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The Cyber Intelligence Sharing and Protection Act (CISPA), a legislation designed to provide the federal government with threat data from private sector firms, is gaining wide support from security and tech companies.
The proposed law, which passed the House in late April, aims to give the government some oversight into protecting critical infrastructure facilities that are owned by private-sector companies. CISPA amends the National Security Act and clears security vendors of any legal ramifications in sharing their customer data with federal officials. The program is voluntary and the hope is that it yields the NSA or the Department of Homeland Security and other agencies with more specific threat data on attacks targeting utilities, chemical rendering companies, manufacturers and other organizations deemed essential to the protection of national security.
Symantec declined a request for an interview, but issued a statement praising the House for passing bill. Cheri McGuire, Symantec vice president for global government affairs and cybersecurity policy noted that another bill passed by the House in April modernizes the Federal Information Security Management Act (FISMA).
“This important legislation will move federal agencies away from an antiquated paper-based security process, to one of continuous security improvements -- thereby increasing the protection of citizen data, advancing IT system efficiencies, and saving taxpayer resources,” McGuire said in the statement. "The combined effect of the bills passed this week is a positive step towards strengthening our nation’s overall cybersecurity posture.”
The other two notable organizations supporting CISPA include the Science Applications International Corporation (SAIC), which works closely with DHS, and Carnegie Mellon University CyLab, which produces cybersecurity research.
The author of the bill, Rep. Mike Rogers (R-Mich.), said the bill’s passage was due to a number of additions to the legislation addressing concerns by critics about how the threat data can be used and how long the federal government can retain the data. There is a provision in the bill “encouraging” the private sector to anonymize or minimize the cyberthreat information it voluntarily shares with others, including the government. It also says the threat data cannot be used by the federal government for a regulatory purpose and prohibits the federal government from searching the information for any other purpose than for the protection of U.S. national security.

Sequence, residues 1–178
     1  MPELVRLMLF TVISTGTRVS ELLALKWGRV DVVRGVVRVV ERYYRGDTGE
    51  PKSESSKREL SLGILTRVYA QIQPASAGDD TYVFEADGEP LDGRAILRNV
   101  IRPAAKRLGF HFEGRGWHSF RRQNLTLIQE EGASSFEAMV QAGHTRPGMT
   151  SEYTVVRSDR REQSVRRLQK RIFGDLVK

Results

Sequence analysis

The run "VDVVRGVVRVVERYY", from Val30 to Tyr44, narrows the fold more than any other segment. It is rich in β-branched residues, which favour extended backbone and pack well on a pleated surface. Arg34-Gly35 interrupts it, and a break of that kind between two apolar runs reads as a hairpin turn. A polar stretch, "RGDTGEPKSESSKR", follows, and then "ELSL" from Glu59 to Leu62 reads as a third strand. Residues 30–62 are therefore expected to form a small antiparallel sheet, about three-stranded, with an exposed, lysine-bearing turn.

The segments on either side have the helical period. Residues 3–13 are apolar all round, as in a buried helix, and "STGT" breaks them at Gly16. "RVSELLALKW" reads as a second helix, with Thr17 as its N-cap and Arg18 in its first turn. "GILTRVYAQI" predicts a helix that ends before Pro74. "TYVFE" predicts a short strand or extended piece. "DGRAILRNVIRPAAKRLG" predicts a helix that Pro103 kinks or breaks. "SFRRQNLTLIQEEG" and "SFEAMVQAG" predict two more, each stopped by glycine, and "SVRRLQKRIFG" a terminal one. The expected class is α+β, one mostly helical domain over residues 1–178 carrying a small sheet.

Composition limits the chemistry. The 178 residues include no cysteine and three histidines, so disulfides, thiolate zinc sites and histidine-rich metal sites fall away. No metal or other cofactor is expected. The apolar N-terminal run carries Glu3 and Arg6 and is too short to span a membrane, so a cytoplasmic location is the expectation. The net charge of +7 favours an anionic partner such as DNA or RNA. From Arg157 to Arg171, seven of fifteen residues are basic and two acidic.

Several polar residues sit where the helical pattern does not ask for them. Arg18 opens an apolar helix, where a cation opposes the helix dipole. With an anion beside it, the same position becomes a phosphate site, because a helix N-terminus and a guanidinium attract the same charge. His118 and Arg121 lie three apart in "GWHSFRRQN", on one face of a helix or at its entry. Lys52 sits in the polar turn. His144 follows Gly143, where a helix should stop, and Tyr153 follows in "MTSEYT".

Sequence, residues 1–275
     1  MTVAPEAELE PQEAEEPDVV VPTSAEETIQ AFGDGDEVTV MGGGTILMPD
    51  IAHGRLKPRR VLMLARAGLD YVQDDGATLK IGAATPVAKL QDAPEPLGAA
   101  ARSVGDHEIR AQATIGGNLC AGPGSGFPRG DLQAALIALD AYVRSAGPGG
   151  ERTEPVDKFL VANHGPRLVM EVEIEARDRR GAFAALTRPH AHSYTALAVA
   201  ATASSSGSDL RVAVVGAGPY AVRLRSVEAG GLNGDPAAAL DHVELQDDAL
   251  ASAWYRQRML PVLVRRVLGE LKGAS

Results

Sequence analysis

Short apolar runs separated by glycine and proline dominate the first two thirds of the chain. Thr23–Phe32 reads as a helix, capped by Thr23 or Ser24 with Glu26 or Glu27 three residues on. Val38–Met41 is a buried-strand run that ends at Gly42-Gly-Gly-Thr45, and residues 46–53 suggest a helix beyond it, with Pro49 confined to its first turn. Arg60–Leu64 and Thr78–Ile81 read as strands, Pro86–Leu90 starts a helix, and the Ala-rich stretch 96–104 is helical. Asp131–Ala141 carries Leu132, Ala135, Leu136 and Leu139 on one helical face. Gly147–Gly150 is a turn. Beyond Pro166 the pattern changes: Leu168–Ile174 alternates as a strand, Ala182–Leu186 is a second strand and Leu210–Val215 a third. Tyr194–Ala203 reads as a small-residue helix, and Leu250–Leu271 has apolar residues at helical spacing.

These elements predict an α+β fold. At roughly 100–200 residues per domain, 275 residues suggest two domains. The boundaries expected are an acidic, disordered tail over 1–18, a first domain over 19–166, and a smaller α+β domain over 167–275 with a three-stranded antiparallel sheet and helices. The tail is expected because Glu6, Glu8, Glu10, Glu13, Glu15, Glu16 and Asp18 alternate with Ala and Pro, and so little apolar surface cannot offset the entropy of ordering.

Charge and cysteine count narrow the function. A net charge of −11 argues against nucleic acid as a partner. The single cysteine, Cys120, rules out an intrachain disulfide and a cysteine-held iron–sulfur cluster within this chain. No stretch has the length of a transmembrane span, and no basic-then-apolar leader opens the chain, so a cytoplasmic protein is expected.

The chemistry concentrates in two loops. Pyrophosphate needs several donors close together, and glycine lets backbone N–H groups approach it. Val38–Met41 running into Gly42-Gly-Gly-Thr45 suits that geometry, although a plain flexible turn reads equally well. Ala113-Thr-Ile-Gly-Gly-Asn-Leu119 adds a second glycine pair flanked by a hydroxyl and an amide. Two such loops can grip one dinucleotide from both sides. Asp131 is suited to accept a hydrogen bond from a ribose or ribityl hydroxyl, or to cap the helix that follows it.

Unlike the concern and opposition to the Stop Online Piracy Act (SOPA), CISPA’s opponents are fewer in number. The Electronic Frontier Foundation is leading the opposition to CISPA, saying the bill reduces online privacy by giving security firms the ability to give potentially personal information to the government with little oversight.
Among the bill’s biggest opponent is the White House. The Obama administration has threatened to veto the legislation if it passes the Senate.
In a statement issued to reporters, Mozilla voiced its opposition to CISPA, stating that the bill has “broad and alarming reach that goes far beyond Internet security.” Opponents of the bill say that although the program is voluntary, no portion of the legislation requires the data to be scrubbed for anonymity.
“The bill infringes on our privacy, includes vague definitions of cybersecurity, and grants immunities to companies and government that are too broad around information misuse,” Mozilla said in its statement. “We hope the Senate takes the time to fully and openly consider these issues with stakeholder input before moving forward with this legislation.”
About the author:
Robert Westervelt is news director of SearchSecurity.com. Send comments on this article to firstname.lastname@example.org
This was first published in May 2012